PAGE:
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therefore a fit and natural season for stopping and looking back on the day. And can we ever look back on a day which bears no witness to God, and lays no claim to our gratitude? Who is it that strengthens us for daily labor, gives us daily bread, continues our friends and common pleasures, and grants us the privilege of retiring, after the cares of the day, to a quiet and beloved home?

The review of the day will often suggest not only these ordinary benefits, but peculiar proofs of God's goodness, unlooked for successes, singular concurrences of favorable evens, singular blessings sent to our friends, or new and powerful aids to our own virtue, which call for peculiar thankfulness. And shall all these benefits pass away unnoticed? Shall we retire to repose as insensible as the wearied brute? How fit and natural is it, to close with pious acknowledgment, the day which has been filled with divine beneficence!

But the evening is the time to review, not only our bles sings, but our actions. A reflecting mind will naturally reinember at this hour that another day is gone, and gone to testify of us to our judge. How natural and useful to inquire, what report it has carried to heaven! Perhaps we have the satisfaction of looking back on a day, which in its general tenor has been innocent and pure, which, having begun with God's praise, has been spent as in his presence; which has proved the reality of our principles in temptation: and shall such a day end without gratefully acknowledging Him in whose strength we have been strong, and to whom we owe the powers and opportunities of Christian improvement?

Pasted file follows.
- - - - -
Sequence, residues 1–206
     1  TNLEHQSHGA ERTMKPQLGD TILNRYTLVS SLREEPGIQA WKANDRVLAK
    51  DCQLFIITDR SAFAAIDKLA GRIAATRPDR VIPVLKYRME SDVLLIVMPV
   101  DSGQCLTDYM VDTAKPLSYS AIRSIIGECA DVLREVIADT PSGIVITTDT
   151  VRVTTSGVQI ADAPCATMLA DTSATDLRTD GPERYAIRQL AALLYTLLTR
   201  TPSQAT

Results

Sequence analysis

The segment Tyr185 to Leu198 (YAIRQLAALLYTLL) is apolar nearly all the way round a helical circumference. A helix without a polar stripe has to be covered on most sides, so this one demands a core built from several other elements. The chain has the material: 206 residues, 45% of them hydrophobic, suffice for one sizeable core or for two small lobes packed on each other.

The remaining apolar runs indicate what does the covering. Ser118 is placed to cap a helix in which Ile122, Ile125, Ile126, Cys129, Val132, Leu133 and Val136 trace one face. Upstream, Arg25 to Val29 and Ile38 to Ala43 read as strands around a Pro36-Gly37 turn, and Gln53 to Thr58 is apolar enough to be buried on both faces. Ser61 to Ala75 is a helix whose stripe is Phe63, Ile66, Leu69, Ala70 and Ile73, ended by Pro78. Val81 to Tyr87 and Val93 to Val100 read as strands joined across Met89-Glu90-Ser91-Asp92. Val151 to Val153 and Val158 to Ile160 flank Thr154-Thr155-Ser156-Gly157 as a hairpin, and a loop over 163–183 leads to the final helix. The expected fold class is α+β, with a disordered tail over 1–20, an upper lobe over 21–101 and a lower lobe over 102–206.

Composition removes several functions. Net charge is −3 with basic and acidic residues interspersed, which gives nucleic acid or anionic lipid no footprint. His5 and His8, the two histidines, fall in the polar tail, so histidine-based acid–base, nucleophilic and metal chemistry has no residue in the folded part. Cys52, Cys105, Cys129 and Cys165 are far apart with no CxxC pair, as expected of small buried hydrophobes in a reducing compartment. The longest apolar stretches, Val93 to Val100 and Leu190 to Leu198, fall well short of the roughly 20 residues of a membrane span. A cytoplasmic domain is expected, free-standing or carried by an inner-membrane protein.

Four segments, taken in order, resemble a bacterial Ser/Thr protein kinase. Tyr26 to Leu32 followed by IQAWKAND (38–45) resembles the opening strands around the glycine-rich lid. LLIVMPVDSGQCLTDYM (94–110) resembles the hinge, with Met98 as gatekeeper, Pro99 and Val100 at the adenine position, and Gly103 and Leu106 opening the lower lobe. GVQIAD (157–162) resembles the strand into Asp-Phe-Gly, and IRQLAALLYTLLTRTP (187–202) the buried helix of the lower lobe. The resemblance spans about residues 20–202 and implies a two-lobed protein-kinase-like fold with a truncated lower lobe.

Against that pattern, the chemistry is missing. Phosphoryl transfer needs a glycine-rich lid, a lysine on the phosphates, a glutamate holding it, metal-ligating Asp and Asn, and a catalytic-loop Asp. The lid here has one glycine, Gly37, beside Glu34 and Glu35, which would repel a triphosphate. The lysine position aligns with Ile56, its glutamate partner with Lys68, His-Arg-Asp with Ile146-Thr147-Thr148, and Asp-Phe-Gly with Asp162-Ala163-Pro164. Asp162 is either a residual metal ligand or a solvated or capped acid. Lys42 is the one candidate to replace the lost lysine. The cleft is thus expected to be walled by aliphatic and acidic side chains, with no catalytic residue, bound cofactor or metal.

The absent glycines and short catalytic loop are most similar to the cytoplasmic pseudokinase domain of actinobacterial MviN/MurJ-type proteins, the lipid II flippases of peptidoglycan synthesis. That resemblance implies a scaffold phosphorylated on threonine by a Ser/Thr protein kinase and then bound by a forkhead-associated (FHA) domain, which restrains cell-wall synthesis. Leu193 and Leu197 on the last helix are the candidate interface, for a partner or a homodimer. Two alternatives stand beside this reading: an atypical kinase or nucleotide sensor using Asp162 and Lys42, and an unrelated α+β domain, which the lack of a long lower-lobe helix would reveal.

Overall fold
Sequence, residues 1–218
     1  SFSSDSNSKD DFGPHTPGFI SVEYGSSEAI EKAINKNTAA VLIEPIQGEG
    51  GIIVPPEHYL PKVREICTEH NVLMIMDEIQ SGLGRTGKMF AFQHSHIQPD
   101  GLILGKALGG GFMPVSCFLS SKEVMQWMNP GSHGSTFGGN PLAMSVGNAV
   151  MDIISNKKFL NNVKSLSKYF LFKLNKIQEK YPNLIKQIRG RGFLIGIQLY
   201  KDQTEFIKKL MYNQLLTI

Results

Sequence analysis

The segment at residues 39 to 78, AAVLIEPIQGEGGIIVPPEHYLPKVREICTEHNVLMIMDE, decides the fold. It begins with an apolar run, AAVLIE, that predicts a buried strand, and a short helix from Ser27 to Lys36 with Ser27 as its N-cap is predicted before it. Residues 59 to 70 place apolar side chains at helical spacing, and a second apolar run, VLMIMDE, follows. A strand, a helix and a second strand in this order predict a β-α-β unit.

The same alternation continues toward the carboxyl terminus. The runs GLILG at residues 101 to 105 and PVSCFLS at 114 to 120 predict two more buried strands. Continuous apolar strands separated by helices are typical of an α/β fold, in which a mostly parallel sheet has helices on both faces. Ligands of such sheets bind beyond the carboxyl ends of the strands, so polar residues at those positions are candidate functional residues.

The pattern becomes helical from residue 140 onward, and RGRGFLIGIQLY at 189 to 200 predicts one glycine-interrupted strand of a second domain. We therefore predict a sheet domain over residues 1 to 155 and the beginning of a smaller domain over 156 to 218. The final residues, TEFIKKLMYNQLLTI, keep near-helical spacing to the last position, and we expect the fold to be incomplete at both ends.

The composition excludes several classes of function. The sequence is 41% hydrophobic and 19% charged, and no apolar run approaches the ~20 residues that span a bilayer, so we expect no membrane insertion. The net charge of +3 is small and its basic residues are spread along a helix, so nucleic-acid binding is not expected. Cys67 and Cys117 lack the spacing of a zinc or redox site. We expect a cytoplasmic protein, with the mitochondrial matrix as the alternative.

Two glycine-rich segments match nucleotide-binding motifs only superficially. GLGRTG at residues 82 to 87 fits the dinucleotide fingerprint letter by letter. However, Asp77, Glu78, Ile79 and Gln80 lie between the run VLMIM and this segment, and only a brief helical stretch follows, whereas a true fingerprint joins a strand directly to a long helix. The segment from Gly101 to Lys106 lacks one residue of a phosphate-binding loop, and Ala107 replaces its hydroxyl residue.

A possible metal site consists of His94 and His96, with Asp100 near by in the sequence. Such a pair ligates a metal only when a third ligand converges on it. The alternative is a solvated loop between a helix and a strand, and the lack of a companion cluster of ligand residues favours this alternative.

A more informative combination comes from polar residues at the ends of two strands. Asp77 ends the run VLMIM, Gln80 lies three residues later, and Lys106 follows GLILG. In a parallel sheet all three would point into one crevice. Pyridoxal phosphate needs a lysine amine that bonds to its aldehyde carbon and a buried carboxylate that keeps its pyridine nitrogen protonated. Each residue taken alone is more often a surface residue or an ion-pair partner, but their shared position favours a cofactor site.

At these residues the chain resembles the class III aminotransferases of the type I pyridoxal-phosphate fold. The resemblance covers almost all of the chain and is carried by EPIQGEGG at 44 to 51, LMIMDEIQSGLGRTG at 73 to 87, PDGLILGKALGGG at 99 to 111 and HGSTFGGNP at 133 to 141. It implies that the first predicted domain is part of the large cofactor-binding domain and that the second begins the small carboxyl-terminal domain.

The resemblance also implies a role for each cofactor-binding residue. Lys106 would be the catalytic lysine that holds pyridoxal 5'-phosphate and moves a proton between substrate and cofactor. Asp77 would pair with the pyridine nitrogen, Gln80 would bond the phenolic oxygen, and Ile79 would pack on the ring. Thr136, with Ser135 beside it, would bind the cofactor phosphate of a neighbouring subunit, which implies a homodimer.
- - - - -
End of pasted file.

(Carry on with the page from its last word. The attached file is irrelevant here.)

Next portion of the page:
But no day will present to us recollections of purity unmixed with sin. Conscience, if suffered to inspect faithfully and speak plainly, will recount irregular desires, and defective motives, talents wasted and time misspent; and shall we let the day pass from us without penitently confessing our offences to Him who has witnessed them, and who has promised pardon to true repentance? Shall we retire to rest with a burden of unlamented and unforgiven guilt upon our consciences? Shall we leave these stains to spread over and sink into the soul?

A religious recollection of our lives is one of the chief instruments of piety. If possible, no day should end without it. If we take no account of our sins on the day on which they are committed, can we hope that they will recur to us at a more distant period, that we shall watch against them

to-morrow, or that we shall gain the strength to resist them, which we will not implore?

The evening is a fit time for prayer, not only as it ends the day, but as it immediately precedes the period of repose. The hour of activity having passed, we are soon to sink into insensibility and sleep. How fit that we resign ourselves to the care of that Being who never sleeps, to whom the darkness is as the light, and whose providence is our only safety! How fit to entreat him that he would keep us to another day; or, if our bed should prove our grave, that he would give us a part in the resurrection of the just, and awake us to a purer and immortal life! Let our prayers, like the ancient sacrifices, ascend morning and evening. Let our days begin and end with God.